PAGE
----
What Is FSU's National Championship Really Worth?

Florida State stands to reap a whole host of indirect benefits from winning the BCS National Championship.

Jan 7, 2014 at 2:35PM


Monday night, Florida State hoisted the crystal football in the middle of the Rose Bowl, and it was just the beginning of the good times for the new national champions. There is no direct financial gain from winning a national title in college football – the winner makes no more than the loser since BCS money is largely based on conference affiliation – but studies and experience tell us there will be much indirect gain for Florida State in the coming months and years.

The 'advertising effect'

First, there's the "advertising effect." Take the 2012 BCS National Championship Game, for example. There were 36 hours of programming logged by ESPN alone on sets around New Orleans, and that's not counting the pre-game show, post-game show, and the game itself. Combine that with coverage from other networks and it's a huge national advertising campaign no school could afford to mount on its own. Malcolm Turner of Wasserman Media Group estimated it to be in the "tens of millions of dollars" in my book, Saturday Millionaires: How Winning Football Builds Winning Colleges.

Why is that advertising so important to a school? A recent study by economists (and brothers) Jaren and Devin Pope concluded in part, "...the results we present suggest that students can be affected by events that do not change the quality or cost of a school but that capture a student's attention."

An older study by the Carnegie Foundation also found this to be true. Students enrolling in Division I schools were asked: "When applying to colleges for admissions, how well informed were you about the intercollegiate football and/or men's basketball teams of the schools to which you applied?" Eighty-eight percent of males and 51% of females answered either "very well informed" or "moderately well informed."

In contrast, when asked, "When applying to colleges for admission, how well informed were you about the undergraduate education programs of the school to which you applied?" Only 39% of males and 42% of females chose either of the affirmative answers.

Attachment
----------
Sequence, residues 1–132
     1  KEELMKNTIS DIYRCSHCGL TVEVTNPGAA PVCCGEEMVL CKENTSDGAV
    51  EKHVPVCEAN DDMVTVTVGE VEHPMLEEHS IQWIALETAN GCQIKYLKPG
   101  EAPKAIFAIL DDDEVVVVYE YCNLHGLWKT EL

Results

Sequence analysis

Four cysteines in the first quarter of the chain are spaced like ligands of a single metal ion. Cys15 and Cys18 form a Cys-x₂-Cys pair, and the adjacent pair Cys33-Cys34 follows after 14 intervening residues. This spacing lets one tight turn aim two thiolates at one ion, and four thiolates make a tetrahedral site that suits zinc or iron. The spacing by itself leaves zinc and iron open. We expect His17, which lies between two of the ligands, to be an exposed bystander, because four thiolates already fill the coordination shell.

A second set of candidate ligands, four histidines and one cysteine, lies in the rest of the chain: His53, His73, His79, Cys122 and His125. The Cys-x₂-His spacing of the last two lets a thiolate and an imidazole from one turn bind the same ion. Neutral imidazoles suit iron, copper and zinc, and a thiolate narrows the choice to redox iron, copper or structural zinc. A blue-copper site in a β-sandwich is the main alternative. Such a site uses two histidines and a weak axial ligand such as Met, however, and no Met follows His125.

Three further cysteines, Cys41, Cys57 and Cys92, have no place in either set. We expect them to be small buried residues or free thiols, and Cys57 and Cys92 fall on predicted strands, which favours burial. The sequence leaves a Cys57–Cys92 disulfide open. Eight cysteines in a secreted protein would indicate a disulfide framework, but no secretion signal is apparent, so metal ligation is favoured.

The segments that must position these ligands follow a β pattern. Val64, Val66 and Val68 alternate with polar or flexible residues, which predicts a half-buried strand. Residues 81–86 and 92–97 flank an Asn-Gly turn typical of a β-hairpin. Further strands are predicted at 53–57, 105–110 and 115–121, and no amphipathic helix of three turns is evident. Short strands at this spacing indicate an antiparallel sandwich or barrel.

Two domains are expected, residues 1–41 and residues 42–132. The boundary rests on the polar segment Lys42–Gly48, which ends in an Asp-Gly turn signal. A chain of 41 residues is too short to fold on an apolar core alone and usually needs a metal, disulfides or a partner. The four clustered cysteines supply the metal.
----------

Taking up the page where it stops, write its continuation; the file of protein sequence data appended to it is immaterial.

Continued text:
And that was in the late 1980s! Imagine what the results would be now with college football taking over our televisions all fall. I've asked the Carnegie Foundation if they've updated the study, and they indicated they had no plans to do so. It's not hard to imagine why.

Increased applications

You've probably heard of the "Flutie Effect," whereby universities receive an increase in applications following a major sports victory. A recent study by the Pope brothers found that winning the national championship results in an average 7%-8% increase in applications. In order to achieve the same results by decreasing tuition or increasing financial aid, the Popes found you'd need anywhere from a 2%-24% adjustment.

Quite often those additional applications are from out-of-state students who've learned more about the school through the football program's exposure. Boise State, a program that rarely saw national television time, experienced this firsthand following appearances in the Fiesta Bowl in 2007 and 2010. Out-of-state enrollment increased from just 13.5% in 2006 to 34% in 2011 for freshman. By the fall of 2013, over 57% of applications to Boise State came from out of state. Why is this important? An out-of-state student at Boise State pays over three times as much in tuition ($18,892) as in-state student ($6,292).

Improved academic profile

Increased applications give universities the opportunity to either grow enrollment, by accepting more of the applications, or improve their academic profile by becoming more selective. The University of Florida was able to do the latter following its run of national championships in both football and basketball from 2006-2008, which saw two titles for each sport.